Alice Springs is the third-largest town in the Northern Territory of Australia. Known as Stuart until 31 August 1933, the name Alice Springs was given by surveyor William Whitfield Mills after Alice, Lady Todd (née Alice Gillam Bell), wife of the telegraph pioneer Sir Charles Todd. Now colloquially known as The Alice or simply Alice, the town is situated roughly in Australia's geographic centre. It is nearly equidistant from Adelaide and Darwin. The area is known as Mparntwe to its original inhabitants, the Arrernte, who have lived in the Central Australian desert in and around what is now Alice Springs for tens of thousands of years.
The city's population accounts for approximately 10% of the population of the Northern Territory. The town straddles the usually dry Todd River on the northern side of the MacDonnell Ranges. The surrounding region is known as Central Australia, or the Red Centre, an arid environment consisting of several different deserts. Temperatures in Alice Springs can vary, with an average maximum in summer of 35.6 °C (96.1 °F) and an average minimum in winter of 5.1 °C (41.2 °F).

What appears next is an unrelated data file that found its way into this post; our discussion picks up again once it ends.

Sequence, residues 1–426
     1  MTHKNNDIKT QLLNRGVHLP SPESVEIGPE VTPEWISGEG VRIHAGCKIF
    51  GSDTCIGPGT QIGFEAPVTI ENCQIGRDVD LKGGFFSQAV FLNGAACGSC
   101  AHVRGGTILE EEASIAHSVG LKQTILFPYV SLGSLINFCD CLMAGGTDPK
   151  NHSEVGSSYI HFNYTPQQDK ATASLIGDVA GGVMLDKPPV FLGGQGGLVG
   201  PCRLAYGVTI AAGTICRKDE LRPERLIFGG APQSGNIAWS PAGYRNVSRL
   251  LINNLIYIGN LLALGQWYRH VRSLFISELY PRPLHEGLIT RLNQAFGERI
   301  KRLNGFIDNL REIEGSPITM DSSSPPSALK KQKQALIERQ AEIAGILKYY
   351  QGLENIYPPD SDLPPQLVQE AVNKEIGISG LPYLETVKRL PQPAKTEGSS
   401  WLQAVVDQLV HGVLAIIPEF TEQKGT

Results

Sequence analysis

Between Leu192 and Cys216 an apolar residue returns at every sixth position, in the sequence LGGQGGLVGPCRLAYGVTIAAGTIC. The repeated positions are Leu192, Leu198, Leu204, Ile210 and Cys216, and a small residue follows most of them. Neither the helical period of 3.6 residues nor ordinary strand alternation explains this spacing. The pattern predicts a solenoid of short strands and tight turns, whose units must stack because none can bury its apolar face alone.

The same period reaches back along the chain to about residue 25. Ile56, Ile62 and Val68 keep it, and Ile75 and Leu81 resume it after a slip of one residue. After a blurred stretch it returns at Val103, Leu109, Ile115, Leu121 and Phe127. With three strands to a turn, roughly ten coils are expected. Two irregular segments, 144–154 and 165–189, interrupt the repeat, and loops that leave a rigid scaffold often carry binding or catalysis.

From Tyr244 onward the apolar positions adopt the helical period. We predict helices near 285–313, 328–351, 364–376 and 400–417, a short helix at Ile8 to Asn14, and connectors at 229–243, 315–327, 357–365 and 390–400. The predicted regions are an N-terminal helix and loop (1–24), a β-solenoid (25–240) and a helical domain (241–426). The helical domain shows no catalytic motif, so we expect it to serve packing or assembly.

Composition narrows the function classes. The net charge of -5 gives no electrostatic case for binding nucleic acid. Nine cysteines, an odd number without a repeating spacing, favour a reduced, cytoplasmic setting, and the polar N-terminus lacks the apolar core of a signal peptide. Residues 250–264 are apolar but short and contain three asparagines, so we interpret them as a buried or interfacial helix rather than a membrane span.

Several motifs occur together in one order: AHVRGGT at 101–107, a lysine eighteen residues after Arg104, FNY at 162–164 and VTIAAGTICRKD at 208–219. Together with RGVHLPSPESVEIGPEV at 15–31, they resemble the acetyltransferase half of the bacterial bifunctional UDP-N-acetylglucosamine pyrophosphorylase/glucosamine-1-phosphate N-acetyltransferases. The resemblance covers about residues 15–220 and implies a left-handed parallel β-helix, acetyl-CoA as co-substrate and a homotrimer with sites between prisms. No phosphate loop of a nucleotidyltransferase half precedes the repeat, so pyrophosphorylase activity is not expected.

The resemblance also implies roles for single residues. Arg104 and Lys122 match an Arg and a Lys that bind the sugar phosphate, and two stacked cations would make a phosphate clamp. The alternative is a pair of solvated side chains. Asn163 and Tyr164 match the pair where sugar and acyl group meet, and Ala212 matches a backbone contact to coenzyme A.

Forest Hill- 10, 052 inhabitants
Forest Hillis a suburb of Melbourne,Victoria,Australia, 18 km east of Melbourne's Central Business District. Its local government area is the City of Whitehorse. Forest Hill was recently ranked 93rd on Melbourne's most liveable suburb list, which was higher than other nearby popular suburbs such as Bentleigh, Mount Waverley and Glen Waverley. Forest Hill Post Office opened on 1 March 1874 in the then rural area. It closed in 1895, reopened in 1902 and closed in 1976. The Forest Hills Centre office opened in 1965 shortly after the centre opened and was renamed Forest Hill in 1985.